John Wick, probably best known as the Origins Award winning lead designer for Legend of the Five Rings (L5R) First Edition RPG and his work as the Continuity Editor for the Legend of the Five Rings TCG, recently published an article, “Chess Is Not an RPG: The Illusion of Game Balance” in which he defines what an RPG is and denounces the importance of game balance in tabletop RPGs. Wick also expresses several controversial opinions about fan favorite games such as earlier editions of Dungeons & Dragons and has caused a bit of a stir amongst the gaming community. From the beginning of his article, Wick has set out to slay two of the sacred cows of gaming: Weapons Tables and Game Balance.
Taking aim first at a feature that nearly every RPG has in common, the weapon’s table, Wick’s article uses two examples from cinema to make his point: Riddick’s use of a tea cup as a weapon in The Chronicles of Riddick (2004) and Sean Connery’s speech about how he can kill a man with only his thumb in the Presidio (1988). Wick then questions how a Dungeon Master or Storyteller would adjudicate the use of those kinds of weapons within a particular system? “Does [Sean Connery’s thumb] do megadamage?” is an apt question. Although that particular situation may not arise during a game, Wick is aiming at a fundamental problem with creating weapon’s lists for an RPG. Just how much granularity does a list of weapons need? Should the game system account for every possible weapon and variation on a weapon or merely offer a basic list of possible weapons?
Vampire: The Masquerade has probably the shortest weapon’s chart of any modern RPG. Instead of trying to differentiate amongst an enormous number of handguns, assault rifles, shotguns, knives, and swords, the designers chose to simply use archetypal examples for their weapons. In VtM, a 9mm Glock has the same stats as a .45 Heckler and Koch pistols or a 9mm Smith & Wesson. A sword, regardless of its shape or origin has the same stats. Katana, scimitar, and medieval long sword all do Strength+2 damage. The player’s imagination and her description of her character’s actions fill in the blanks. Dungeons & Dragons, conversely, offers a variety of swords: rapiers, scimitars, long swords, great swords, short swords, and so on. Each weapon offers different damage types and in earlier editions a character’s weapon even had an effect on her initiative roll, the infamous speed factor trait.
Wick calls for the DMs and GMS to remove the offending tables from their games, later recommending taking a Sharpie and obliterating the tables from the page beneath thick black ink. Is Wick merely being hyperbolic and denouncing weapons tables to draw attention to one of the great dilemmas of game design and game mastering: simulation versus abstraction? In other words, how realistic should a game system or a particular campaign be? Wick’s example of weapons tables stirs controversy which was undoubtedly his intent since that controversy will lead to greater discussion of his point.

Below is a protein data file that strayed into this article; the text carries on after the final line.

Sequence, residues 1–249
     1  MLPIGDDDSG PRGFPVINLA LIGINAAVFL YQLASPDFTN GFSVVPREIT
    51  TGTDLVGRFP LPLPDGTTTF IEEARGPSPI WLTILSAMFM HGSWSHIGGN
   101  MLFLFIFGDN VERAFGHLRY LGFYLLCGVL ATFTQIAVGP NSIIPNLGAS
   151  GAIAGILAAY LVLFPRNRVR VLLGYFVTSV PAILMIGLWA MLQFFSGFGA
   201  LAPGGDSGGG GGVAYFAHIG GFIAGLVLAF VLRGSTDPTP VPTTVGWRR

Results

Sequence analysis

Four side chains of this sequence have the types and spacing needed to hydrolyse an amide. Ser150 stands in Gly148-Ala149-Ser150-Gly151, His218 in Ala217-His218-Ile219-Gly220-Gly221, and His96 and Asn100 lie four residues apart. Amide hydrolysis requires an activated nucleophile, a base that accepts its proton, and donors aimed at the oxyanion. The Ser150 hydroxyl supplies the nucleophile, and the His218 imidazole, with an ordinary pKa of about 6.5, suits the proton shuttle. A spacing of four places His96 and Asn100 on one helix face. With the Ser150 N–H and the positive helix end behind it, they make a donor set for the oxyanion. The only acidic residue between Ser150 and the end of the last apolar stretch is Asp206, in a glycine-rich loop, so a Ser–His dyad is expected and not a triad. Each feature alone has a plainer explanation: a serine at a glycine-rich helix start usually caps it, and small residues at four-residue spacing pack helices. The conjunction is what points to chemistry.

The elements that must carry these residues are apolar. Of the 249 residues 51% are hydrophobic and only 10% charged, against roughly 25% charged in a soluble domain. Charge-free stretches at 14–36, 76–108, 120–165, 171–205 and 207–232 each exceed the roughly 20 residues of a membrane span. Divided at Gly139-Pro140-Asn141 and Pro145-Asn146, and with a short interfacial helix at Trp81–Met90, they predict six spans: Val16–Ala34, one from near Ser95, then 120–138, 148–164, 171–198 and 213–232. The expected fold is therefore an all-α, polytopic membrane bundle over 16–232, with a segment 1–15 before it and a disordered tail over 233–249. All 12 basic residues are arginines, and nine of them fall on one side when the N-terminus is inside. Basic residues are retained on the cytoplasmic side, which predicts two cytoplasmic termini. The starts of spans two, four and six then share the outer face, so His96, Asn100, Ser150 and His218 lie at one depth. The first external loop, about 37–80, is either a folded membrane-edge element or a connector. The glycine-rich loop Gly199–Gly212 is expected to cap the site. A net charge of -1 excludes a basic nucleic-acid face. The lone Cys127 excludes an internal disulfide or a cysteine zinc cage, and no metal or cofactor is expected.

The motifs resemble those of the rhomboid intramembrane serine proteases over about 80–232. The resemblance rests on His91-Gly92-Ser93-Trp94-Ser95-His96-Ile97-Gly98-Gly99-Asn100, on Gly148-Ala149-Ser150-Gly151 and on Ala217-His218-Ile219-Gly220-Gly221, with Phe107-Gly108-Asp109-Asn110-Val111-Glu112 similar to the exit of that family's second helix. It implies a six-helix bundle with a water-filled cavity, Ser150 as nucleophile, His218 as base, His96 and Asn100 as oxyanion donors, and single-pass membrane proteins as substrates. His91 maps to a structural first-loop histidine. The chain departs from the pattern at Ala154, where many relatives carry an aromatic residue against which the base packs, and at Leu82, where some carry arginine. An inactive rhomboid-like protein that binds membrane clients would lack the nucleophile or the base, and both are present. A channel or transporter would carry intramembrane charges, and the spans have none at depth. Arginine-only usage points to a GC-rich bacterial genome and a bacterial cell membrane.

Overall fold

For a less controversial example, consider how important it is during a D&D campaign for the adventuring party to keep track of their stores of food and water. Should the players be responsible for tracking their consumption of food and water as they progress in their travels or is that just one more level of bookkeeping that detracts from the overall enjoyment of the game? The answer to that question is “It depends.” In a typical medieval fantasy setting such as Forgotten Realms or Greyhawk, tracking food and water is just bookkeeping. Replenishing their stores is as easy as saying, “My character stops in town and buys food and water and spends 10 gp.” Does that increase or improve the drama during a session? Probably not. In atypical settings such as games set in hostile environments such as Dark Sun’s deserts or an ocean voyage, maintaining stores of food and water add an element of drama to the characters’ travels. However, if managing food and water doesn’t improve the drama of the game and provide interesting encounters, then that element should be dropped.
Wick’s most controversial statement, however, is “the first four editions of Dungeons & Dragons are not role playing games” but rather, “a very sophisticated, intricate, and complicated combat simulation board game that people were turning into a roleplaying game.” The history of Dungeons & Dragons supports that assertion. Gary Gygax and Dave Arneson developed Dungeons & Dragons from their medieval war game, Chainmail; whereas most war gaming focused on units, Gygax and Arneson’s contribution was to change the scale of the game and focus on an individual character controlled by a single player. Yet, D&D retained its combat simulation roots, especially in more recent editions such as D&D 3.0 and D&D 4th which had many game elements that necessitated the use of a grid mat.
Wick offers a simple litmus test for whether or not a game is a “role playing game”: Can you play the game without role playing? Or, can players advance through an adventure without actually taking on the roles of their characters and instead simply move their pieces around the board or grid mat no different than games like Dungeonquest? Wick uses chess as his example for this argument. Of course, he offers, one could take on the roles of the individual pieces, whether it is a pawn or rook or queen, and make decisions based on the imagined thoughts and feelings of the piece. Using pieces in this manner would lead to sub-optimal decisions and most likely cause the player to lose the match.